STEP 7. Test your water daily with a pond test kit! When it comes to algae, you want to watch Nitrates and Phosphate levels.

If you follow these seven steps, surface algae will not be a problem in your pond!

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Spring going into summer is the time of year when your pond may be turning a little green or cloudy. I bet you also notice this happening more right after heavy rain or a few really sunny days. All of this green, cloudy buildup is algae in your pond feeding on the extra sunlight and all the nitrates the rain washes into your pond.

With these problems occurring there is always a quick and easy way to get rid of algae and cloudy water so you and your family can enjoy the pond almost as much as the fish do! One of AZPond’s leading water clarifiers is called Acurel E. This water clarifier easily helps with green or cloudy water and allows for debris to settle to the bottom of the pond. After the debris settles to the bottom of your pond, it is super easy to vacuum or filter out. The best part about Acurel E. is that It’s made with extracts of renewable resources. Because it’s made from renewable resources, its much safer for fish, pets, plants, and wildlife.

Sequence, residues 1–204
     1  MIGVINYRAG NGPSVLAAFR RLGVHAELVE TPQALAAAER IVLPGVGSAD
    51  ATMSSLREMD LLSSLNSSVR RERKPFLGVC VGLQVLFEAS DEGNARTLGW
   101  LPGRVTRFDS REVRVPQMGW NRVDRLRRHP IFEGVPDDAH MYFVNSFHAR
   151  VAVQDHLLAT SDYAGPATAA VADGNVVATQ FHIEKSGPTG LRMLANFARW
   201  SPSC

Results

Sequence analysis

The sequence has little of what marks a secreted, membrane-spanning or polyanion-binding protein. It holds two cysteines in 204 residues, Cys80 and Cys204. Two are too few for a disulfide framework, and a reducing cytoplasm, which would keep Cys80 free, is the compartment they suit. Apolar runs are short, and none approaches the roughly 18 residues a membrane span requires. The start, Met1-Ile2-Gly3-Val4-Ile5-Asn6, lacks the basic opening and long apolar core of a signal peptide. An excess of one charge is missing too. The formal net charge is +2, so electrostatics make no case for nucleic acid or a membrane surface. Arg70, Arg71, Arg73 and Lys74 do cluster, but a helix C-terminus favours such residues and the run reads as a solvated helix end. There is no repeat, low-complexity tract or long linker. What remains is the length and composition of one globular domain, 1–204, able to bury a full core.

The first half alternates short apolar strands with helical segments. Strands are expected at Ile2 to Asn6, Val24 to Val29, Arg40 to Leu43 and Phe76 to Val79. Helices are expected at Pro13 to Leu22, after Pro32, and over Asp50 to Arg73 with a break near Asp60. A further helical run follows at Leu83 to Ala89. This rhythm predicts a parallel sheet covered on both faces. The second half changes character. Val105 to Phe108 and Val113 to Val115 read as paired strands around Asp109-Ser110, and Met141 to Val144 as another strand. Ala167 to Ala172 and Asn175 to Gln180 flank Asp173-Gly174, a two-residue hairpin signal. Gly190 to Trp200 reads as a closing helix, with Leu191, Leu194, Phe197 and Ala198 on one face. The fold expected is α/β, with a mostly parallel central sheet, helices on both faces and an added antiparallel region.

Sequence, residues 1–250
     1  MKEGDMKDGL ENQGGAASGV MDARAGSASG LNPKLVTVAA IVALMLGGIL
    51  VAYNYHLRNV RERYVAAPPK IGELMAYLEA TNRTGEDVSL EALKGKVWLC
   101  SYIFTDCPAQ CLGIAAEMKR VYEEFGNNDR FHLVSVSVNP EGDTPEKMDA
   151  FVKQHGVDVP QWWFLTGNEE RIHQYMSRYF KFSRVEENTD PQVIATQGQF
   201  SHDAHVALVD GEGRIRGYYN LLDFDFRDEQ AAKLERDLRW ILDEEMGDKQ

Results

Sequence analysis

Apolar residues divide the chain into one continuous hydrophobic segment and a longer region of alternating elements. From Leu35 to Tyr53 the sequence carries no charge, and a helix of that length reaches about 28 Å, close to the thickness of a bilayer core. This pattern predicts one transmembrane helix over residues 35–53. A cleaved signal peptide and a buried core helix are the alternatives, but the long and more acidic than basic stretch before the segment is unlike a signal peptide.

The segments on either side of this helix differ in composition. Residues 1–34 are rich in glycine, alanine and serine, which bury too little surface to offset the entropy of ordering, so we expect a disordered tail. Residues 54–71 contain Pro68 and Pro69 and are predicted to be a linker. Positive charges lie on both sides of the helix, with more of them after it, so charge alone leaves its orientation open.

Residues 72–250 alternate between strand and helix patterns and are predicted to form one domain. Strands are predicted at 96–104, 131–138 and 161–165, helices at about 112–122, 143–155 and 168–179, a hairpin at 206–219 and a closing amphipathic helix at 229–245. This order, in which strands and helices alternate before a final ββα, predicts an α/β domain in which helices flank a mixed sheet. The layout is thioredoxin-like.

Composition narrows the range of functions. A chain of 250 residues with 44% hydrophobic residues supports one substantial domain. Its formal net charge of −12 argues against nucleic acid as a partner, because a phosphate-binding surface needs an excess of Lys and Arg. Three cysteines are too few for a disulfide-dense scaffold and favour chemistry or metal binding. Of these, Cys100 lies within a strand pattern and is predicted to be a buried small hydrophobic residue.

When it comes to the nasty hair algae that form on the sides of your pond, in the waterfall, and maybe even floating in patches on the surface; nothing works better than Aquascape EcoBlast Contract Granular Algaecide. Aquascape Algaecide eliminates unsightly algae and debris from waterfalls, fountains, streams, and rocks on contact.